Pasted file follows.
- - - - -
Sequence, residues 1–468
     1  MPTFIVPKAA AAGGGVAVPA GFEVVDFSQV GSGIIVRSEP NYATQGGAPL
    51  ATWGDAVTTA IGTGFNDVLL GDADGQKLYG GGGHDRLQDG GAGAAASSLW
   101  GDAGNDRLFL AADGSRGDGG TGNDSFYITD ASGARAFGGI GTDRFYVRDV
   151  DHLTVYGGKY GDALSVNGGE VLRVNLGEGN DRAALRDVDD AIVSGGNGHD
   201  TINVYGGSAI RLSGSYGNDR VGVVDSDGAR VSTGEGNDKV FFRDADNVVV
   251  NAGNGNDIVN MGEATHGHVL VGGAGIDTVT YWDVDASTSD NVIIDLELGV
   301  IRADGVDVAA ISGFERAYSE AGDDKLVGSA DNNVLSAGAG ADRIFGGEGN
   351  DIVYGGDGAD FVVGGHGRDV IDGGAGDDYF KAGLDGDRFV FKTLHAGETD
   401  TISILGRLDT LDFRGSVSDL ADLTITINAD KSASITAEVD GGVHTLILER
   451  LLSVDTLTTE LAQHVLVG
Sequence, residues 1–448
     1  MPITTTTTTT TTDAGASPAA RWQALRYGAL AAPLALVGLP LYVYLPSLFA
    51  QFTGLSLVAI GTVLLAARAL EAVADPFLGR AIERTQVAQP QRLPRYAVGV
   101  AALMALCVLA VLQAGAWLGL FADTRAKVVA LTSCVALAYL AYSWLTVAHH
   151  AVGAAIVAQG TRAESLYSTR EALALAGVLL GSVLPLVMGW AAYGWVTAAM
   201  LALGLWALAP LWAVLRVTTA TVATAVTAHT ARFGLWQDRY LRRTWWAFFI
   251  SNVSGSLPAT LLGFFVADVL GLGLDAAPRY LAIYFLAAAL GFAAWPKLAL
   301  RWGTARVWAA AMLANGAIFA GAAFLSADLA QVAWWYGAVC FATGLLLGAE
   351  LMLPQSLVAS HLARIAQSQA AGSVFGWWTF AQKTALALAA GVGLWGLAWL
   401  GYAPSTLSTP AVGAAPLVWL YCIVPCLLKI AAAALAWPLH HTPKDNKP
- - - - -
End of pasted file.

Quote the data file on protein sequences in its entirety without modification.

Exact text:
Sequence, residues 1–468
     1  MPTFIVPKAA AAGGGVAVPA GFEVVDFSQV GSGIIVRSEP NYATQGGAPL
    51  ATWGDAVTTA IGTGFNDVLL GDADGQKLYG GGGHDRLQDG GAGAAASSLW
   101  GDAGNDRLFL AADGSRGDGG TGNDSFYITD ASGARAFGGI GTDRFYVRDV
   151  DHLTVYGGKY GDALSVNGGE VLRVNLGEGN DRAALRDVDD AIVSGGNGHD
   201  TINVYGGSAI RLSGSYGNDR VGVVDSDGAR VSTGEGNDKV FFRDADNVVV
   251  NAGNGNDIVN MGEATHGHVL VGGAGIDTVT YWDVDASTSD NVIIDLELGV
   301  IRADGVDVAA ISGFERAYSE AGDDKLVGSA DNNVLSAGAG ADRIFGGEGN
   351  DIVYGGDGAD FVVGGHGRDV IDGGAGDDYF KAGLDGDRFV FKTLHAGETD
   401  TISILGRLDT LDFRGSVSDL ADLTITINAD KSASITAEVD GGVHTLILER
   451  LLSVDTLTTE LAQHVLVG
Sequence, residues 1–448
     1  MPITTTTTTT TTDAGASPAA RWQALRYGAL AAPLALVGLP LYVYLPSLFA
    51  QFTGLSLVAI GTVLLAARAL EAVADPFLGR AIERTQVAQP QRLPRYAVGV
   101  AALMALCVLA VLQAGAWLGL FADTRAKVVA LTSCVALAYL AYSWLTVAHH
   151  AVGAAIVAQG TRAESLYSTR EALALAGVLL GSVLPLVMGW AAYGWVTAAM
   201  LALGLWALAP LWAVLRVTTA TVATAVTAHT ARFGLWQDRY LRRTWWAFFI
   251  SNVSGSLPAT LLGFFVADVL GLGLDAAPRY LAIYFLAAAL GFAAWPKLAL
   301  RWGTARVWAA AMLANGAIFA GAAFLSADLA QVAWWYGAVC FATGLLLGAE
   351  LMLPQSLVAS HLARIAQSQA AGSVFGWWTF AQKTALALAA GVGLWGLAWL
   401  GYAPSTLSTP AVGAAPLVWL YCIVPCLLKI AAAALAWPLH HTPKDNKP